The bingeing/starving roller coaster that followed was the most excruciating and important occurrences in my recovery. At its worst, I entered what my therapist called a “bulimic trance.” The bingeing took over and I had little awareness of all I’d consumed until I found myself sobbing amidst wrappers and crumbs.

As weight returned to my body, friends and family told me how healthy I looked.

“You’re filling out so nicely!” The well-intended comment haunted me for months. Desperate to stop bingeing, I decided to take my treatment more seriously.

“I will do anything to stop this,” I told my therapist.

“Good,” she said. “It starts with eating. After you binge, don’t skip your next meal.”

Anything but that. I resisted her instructions, holding staunchly to the belief that if I were just strong enough, I could attain the thinness I desired and stop bingeing at once. It sounded Utopian. Meanwhile, I mourned the loss of my anorexia like a lost soulmate.

One night, after a fast ended in a gargantuan binge, I hit bottom. I considered gulping the poison I’d used on occasion to vomit, aware of the life-threatening risks. I didn’t want to die, but I couldn’t bear life as I knew it. In a fury, I scavenged the house for the tiny bottle. When I couldn’t find it, my heart raced. I struggled to breathe.

Then something remarkable happened. Incapable of purging in any of my viable methods, I calmed down. Calmness brought clarity. Rather than plot restriction strategies for the coming days, I began plotting a future free of ED.

I walked with trepidation to my wall mirror and looked not at my hips, belly or thighs, but into my eyes. The head-on stare punctured the swollen balloon of hurt inside me, releasing sobs.

“You can’t live like this anymore!” I told my reflection. “I won’t let you hate yourself so much. This is not who you are.” I didn’t know what I was fighting for, but my instincts said, don’t give up.

My anger at ED and proclamations in the mirror were the first signs of self-love I’d displayed in years, the light switch in the dark cave I lived in. If I managed to turn it on, I knew my life would change.

I threw my “skinny clothes” and scale in a dumpster and removed the size tags from clothes that fit. I told myself that for one year, I would not diet, starve or make any other attempts at weight loss. If I gained weight during that year, so be it. The next morning, with trembling hands and tears flooding my cheeks, I ate breakfast.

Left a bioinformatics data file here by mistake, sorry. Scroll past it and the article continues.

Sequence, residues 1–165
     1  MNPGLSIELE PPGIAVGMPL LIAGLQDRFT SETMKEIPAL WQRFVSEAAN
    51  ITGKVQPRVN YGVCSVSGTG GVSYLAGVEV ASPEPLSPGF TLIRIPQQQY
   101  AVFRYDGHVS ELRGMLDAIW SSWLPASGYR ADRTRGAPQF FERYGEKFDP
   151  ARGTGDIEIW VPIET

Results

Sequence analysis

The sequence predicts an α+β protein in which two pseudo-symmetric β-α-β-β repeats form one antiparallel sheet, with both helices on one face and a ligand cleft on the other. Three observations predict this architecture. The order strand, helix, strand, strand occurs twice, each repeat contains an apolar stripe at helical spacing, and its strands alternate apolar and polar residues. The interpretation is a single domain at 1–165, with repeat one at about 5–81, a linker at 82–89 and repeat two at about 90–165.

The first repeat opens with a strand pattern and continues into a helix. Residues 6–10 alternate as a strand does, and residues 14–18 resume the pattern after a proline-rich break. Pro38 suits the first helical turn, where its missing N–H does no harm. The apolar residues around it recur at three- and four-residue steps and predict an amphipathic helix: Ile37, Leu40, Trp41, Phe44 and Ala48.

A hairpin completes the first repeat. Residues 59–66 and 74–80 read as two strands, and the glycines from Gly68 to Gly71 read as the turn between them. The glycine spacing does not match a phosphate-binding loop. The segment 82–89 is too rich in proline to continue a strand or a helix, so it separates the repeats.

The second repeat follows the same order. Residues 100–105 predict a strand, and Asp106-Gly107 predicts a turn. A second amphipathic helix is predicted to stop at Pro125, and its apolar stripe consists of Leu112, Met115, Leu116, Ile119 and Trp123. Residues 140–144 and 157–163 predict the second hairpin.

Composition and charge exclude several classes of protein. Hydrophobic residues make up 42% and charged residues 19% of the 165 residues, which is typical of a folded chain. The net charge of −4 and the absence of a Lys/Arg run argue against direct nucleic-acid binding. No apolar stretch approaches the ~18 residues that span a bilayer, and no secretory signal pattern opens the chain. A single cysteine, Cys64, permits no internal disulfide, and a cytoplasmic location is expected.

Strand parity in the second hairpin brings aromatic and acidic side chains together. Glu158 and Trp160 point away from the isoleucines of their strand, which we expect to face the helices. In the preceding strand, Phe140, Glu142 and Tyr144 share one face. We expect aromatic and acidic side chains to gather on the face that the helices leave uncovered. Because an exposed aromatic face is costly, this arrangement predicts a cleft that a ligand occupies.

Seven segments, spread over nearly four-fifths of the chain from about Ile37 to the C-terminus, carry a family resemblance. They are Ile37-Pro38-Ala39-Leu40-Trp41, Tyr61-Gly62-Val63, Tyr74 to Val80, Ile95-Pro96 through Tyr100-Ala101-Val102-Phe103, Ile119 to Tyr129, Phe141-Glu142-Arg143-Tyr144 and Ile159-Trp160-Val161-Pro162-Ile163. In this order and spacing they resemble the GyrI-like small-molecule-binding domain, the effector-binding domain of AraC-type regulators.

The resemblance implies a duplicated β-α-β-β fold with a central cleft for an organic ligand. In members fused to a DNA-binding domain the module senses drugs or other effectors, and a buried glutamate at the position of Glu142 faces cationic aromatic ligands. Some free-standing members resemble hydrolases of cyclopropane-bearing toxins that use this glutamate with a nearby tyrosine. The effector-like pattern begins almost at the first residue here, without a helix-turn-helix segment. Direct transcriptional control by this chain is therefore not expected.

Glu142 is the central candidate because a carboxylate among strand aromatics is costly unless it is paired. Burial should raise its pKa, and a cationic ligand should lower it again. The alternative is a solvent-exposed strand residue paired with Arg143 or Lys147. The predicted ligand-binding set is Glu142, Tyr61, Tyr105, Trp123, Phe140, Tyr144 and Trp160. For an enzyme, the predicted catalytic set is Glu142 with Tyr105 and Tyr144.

Though I wanted to forego my commitments frequently over the subsequent weeks, I held fast. The bingeing continued at first, as did my weight gain, until I nearly doubled my lowest weight. If I have to start over every day, I will, I wrote. And start over again and again I did. I had nothing to lose by trying and everything to lose by not.

Months later, I was no longer dieting, starving or bingeing and my life was beginning to feel like a life. I was in college, making friends, writing songs and even, on occasion, laughing. But my recovery had reached a plateau. I felt awkward eating around others, anxious about eating too much or too little. The slightest pangs of hunger or fullness put me on edge. I saw plates of calories and felt guilty when I indulged. And though I resisted, I longed to diet. ED hadn’t left. He’d only grown quieter.

One day over steaming cups of Indian tea, my mom handed me a CD with a song she and my dad wanted me to hear: Lee Ann Womack’s, “I Hope You Dance.”

“It’s time to find joy,” she said. (And here I’d thought I had everyone fooled…)

The song’s message about “dancing,” which I took to mean many joyful things, hit me with profound force.